He still didn’t eat the cake, but he did request the birthday song multiple times and all of our friends and family indulged him in several rounds of the tune. The look on his face while we sang to him was better than the byproduct of any cookie-cutter birthday party I had imagined in years past.
Attending his peers’ birthday celebrations was and remains a whole other ball game. Our little guy doesn’t understand this it isn’t his day. He believes candles should be blown out and presents should be opened, simple as that.
We’re navigating these events more smoothly with visual schedules and a lot of planning ahead. This usually means bringing his own candle along so he can blow it out and staying for a brief visit before he gets overwhelmed. Knowing what is ahead is huge – we don’t want to be bothersome to the party-planners but most often need to know the details for the sake of EVERY invitee’s enjoyment.
We’ve learned to not only try new things, but to revisit old tactics that may have not worked the first time around. Keep trying all the things: silly, practical, innovative and traditional.
I can’t tell you how many times things have gone differently than I expected them to. These moments often times felt like a failure. Now I know they were just stepping stones to get us where we need to be. It’s all worth a try to make our boy feel strong, calm, and happy.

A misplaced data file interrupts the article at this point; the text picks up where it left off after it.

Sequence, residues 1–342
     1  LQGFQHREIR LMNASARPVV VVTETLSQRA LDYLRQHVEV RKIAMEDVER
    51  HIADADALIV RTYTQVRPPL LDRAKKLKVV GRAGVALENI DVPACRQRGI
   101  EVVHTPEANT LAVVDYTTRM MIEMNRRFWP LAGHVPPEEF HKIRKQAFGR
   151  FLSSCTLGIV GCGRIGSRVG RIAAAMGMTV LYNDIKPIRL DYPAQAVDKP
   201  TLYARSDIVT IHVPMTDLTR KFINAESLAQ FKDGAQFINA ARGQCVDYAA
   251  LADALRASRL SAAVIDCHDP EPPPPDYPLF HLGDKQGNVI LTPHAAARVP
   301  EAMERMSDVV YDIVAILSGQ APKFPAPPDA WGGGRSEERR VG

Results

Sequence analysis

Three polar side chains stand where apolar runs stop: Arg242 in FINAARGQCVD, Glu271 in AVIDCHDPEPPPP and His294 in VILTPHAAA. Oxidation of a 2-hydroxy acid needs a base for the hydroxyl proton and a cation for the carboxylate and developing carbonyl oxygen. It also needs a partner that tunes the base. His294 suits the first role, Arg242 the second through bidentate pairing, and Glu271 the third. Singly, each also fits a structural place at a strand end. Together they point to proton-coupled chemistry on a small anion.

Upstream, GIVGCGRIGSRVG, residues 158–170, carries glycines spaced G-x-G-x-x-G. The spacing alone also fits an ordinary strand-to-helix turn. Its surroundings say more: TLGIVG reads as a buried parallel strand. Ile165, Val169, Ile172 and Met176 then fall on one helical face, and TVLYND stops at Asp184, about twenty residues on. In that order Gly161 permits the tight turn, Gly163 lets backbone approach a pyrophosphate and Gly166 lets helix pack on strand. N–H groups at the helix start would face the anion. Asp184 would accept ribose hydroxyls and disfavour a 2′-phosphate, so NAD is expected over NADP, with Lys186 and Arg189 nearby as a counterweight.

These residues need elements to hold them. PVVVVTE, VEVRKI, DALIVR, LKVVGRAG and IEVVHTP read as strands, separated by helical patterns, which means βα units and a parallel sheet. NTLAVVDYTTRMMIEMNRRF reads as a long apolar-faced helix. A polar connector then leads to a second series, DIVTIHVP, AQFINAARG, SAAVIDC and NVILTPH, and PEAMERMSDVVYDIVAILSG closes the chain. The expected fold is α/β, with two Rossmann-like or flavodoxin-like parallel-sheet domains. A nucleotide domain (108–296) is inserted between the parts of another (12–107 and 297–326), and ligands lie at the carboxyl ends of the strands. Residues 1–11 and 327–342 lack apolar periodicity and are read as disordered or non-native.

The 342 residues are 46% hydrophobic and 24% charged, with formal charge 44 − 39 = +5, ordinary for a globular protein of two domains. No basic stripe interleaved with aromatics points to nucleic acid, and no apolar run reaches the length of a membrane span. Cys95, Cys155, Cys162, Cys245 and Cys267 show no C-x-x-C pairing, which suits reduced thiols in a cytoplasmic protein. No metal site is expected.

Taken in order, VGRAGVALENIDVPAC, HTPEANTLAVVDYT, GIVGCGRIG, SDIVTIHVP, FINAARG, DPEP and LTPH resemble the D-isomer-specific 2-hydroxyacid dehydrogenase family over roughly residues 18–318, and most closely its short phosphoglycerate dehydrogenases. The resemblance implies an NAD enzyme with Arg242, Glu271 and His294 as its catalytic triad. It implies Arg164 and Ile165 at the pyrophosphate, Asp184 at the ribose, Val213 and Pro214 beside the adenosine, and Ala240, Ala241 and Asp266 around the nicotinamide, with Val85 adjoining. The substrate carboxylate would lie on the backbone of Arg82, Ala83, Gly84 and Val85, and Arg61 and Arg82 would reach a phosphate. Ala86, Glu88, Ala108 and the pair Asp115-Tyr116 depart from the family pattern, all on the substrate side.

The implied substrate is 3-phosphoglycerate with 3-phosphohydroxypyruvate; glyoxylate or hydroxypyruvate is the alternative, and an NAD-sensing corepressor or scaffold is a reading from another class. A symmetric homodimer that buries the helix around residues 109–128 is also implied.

Progress will happen. It just might look different than you had imagined. Be careful not to miss it.
Your child will grow and change. And you will too.
You will learn how to best celebrate them in a way that is so incredibly special to them. It doesn’t matter if they aren’t interested in the latest Marvel characters, sports teams or Disney princesses.
I will celebrate my little pirate and continue to round up old keys for him forever if that is what endlessly fascinates him and makes him happy.
Now, we celebrate BIG. No more comparisons. Our boy is in a league of his own, right where he belongs.
There was a time when I thought this kid would NEVER, EVER, get a haircut.
Today, we busted this one out in 5-10 minutes with NO SCREAMING! 😱
I’ve already posted about haircut progress in the past, so I’ll spare you all the desensitization details.
Moms and Dads: hang in there if you are dealing with this or other sensory sensitivities, potty training, etc. It will get better.
If you think you are moving slow and taking baby steps, move even SLOWER and take smaller steps. It will be worth the time spent.
Side note: his incentive today was canned green beans 🤷🏼♀️ he wants what he wants! And when I tried to give him a new brand with no salt added, he smelled them and requested “different green beans”. Can’t sneak anything past this stud! 🤣
Also pictured below- our white board where we keep track of stars earned during the haircut and my version of a cup of green beans. 🙌🏻
Also side note: he does NOT stop moving 🌪 but was so happy, I needed to capture it 📸 .
As goes with autism, attempting this cut the night before school pictures could have gone VERY differently!! .
Today was a good day 💙
“I would not change my son for the world. I would change the world for my son.”
I came across this quote the other day and it reminded me: This is why I share my son’s story. There is so much about his autism experience that is out of my control. What I can do is spread awareness and hope that it leads to a little understanding, patience and compassion.
Many people are unaware of the reasons behind some “autistic behaviors”. Autism affects communication, social development and sensory processing, with the degree to which these areas are affected being unique to each individual.